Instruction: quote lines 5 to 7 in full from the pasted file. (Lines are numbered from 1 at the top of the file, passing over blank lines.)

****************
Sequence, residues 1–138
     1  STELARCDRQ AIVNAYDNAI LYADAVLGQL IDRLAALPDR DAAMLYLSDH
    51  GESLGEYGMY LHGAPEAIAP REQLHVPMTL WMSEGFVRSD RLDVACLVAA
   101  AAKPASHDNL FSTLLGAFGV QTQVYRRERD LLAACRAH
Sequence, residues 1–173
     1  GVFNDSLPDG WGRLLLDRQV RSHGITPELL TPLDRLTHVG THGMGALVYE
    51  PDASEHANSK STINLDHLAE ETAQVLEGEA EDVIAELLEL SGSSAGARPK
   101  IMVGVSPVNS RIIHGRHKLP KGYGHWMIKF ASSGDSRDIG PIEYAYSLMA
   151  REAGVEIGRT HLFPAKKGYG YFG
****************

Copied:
Sequence, residues 1–173
     1  GVFNDSLPDG WGRLLLDRQV RSHGITPELL TPLDRLTHVG THGMGALVYE
    51  PDASEHANSK STINLDHLAE ETAQVLEGEA EDVIAELLEL SGSSAGARPK